Preparing for Clay Plaster: Making and Installing Wood Trim

by ziggy on October 20, 2016 -- 2 comments -- Follow


Light clay straw walls are a great surface for finishing using natural plasters. Because the straw-clay is tamped inside of a stud wall, you have a fairly flat surface to start with, compared to something like straw bale which needs a lot of trimming and often extra thick plaster to achieve an even surface.

Here I’ll give some tips and suggestions for how to prepare a light clay straw wall to receive clay plaster, using our recent outhouse project as our demonstration site. In this post, I’ll talk about how to make and install wood trim, which should be the first step in preparing your newly built wall to receive clay plaster.

There are a few tricks you’ll need to ensure a quality job. Read ahead for my method…


Clay Plastering Light Clay Straw Walls

Ok, let’s start from the top and talk briefly about the advantages and disadvantages of light clay straw, as it pertains to ease of finishing. Like I stated above, a well-packed wall is quite flat to begin with, which means you don’t need nearly as much plaster material (or time spent) to correct the wall to be nice and even. That’s a good thing, since mixing and applying plaster can be very labor-intense.

However, the studs can pose a challenge, since you need to bridge each and every piece of framing with the clay plaster, and this will require an extra step to ensure that the plaster doesn’t delaminate over the bare wood. Note that just because the plaster may seem to stay adhered initially doesn’t mean that it will over the long term.

Also, light clay straw is often a “soft” wall, especially when your wall is only 4″ thick and lightly packed. Without a plaster coat, light clay straw doesn’t have a whole lot of integrity, so you need to be careful about material shifting inside of each stud cavity. Knowing that, let’s get into things…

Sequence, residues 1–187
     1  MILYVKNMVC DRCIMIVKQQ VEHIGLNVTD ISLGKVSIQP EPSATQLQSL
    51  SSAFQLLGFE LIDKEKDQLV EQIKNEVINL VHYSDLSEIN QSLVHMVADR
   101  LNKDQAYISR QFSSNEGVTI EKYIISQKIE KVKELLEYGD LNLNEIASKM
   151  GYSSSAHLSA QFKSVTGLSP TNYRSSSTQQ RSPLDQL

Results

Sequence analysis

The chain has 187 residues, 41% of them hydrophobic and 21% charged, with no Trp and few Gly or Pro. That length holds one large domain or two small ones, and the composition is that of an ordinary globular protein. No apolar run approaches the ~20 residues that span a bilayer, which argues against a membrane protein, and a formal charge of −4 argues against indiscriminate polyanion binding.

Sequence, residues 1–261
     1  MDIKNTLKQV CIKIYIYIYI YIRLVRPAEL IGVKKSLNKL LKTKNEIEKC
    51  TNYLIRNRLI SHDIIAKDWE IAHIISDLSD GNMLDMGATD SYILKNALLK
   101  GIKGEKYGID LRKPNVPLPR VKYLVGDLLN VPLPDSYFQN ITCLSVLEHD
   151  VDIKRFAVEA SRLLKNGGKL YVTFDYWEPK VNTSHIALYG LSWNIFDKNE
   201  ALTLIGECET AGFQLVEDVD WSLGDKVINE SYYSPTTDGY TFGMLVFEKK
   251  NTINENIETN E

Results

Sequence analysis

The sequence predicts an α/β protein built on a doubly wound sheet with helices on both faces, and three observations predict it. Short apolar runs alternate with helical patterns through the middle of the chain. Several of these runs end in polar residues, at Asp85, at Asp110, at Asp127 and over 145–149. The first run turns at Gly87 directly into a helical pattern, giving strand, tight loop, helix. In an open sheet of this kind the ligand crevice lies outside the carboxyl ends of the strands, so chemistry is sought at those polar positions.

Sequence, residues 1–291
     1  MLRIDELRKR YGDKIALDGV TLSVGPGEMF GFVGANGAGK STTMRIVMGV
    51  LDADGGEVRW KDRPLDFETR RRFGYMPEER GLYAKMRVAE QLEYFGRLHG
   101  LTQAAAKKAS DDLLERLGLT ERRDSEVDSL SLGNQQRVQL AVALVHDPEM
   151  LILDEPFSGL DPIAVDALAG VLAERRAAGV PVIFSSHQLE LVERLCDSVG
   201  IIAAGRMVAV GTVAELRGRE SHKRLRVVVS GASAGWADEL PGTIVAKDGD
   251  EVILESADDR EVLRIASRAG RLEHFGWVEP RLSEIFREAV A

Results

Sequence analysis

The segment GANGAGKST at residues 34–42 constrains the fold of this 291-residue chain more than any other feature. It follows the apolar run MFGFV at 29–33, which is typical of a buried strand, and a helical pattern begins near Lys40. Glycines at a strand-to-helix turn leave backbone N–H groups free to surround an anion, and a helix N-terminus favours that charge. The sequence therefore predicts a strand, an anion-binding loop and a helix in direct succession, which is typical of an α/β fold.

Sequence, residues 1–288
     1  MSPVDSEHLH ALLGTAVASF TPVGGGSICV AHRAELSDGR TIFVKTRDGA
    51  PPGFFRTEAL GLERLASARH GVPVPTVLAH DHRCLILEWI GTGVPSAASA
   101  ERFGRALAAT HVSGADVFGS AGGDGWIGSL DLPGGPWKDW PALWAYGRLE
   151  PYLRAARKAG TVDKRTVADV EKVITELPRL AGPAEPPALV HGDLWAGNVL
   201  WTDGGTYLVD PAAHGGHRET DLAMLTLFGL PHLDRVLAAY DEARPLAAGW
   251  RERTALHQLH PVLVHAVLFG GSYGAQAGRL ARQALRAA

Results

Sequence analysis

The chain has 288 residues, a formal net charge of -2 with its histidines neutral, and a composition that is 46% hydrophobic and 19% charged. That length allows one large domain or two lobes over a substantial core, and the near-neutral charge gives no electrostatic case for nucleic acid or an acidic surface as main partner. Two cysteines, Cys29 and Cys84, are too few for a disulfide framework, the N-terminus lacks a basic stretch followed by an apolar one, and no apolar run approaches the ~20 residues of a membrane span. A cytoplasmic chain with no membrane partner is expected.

Benefits of Wood Trim

The very first step in preparing your walls for plaster is making and installing all of your wood trim around windows, doors, corners, etc. This is a very time-consuming process, but the benefit of having all of your trim in place will be obvious. Wood trim provides an excellent plaster stop — a place to cleanly end your plaster at various transition points. It’s also a great visual aide for applying an even thickness of plaster. Where you install trim is somewhat a matter of personal preference, but some obvious places include the following:

  • All windows and doors
  • Outside corners
  • Baseboard
  • At the top of the wall

You might also trim inside corners and divide large sections of wall into “panels” for ease of plastering. It depends on what you want.

Wood Trim around Window

A recently trimmed window in the outhouse, prior to plastering

How to Make Wood Trim

Here are some tips for how to prepare the trim to be compatible with clay plaster.

Clay plaster over light clay straw walls should be in the neighborhood of 3/4″ thick. That thickness includes both the bases coat and the finish coat. Knowing that, your trim should be approximately 1/4″ thicker than the total depth of your plaster. Let’s say we’re aiming for a 3/4″ thick plaster. That means we should use a true 1″ thick board for making our trim.

Basically, it’s very desirable to have a wood reveal — that means the wood should always be thicker than the finish surface of the wall. For the record, I used 1″ thick rough sawn oak for all the trim in our outhouse. I tried to maintain as much thickness in the wood that I could, and I usually ended up with about 15/16″ once it was planed down.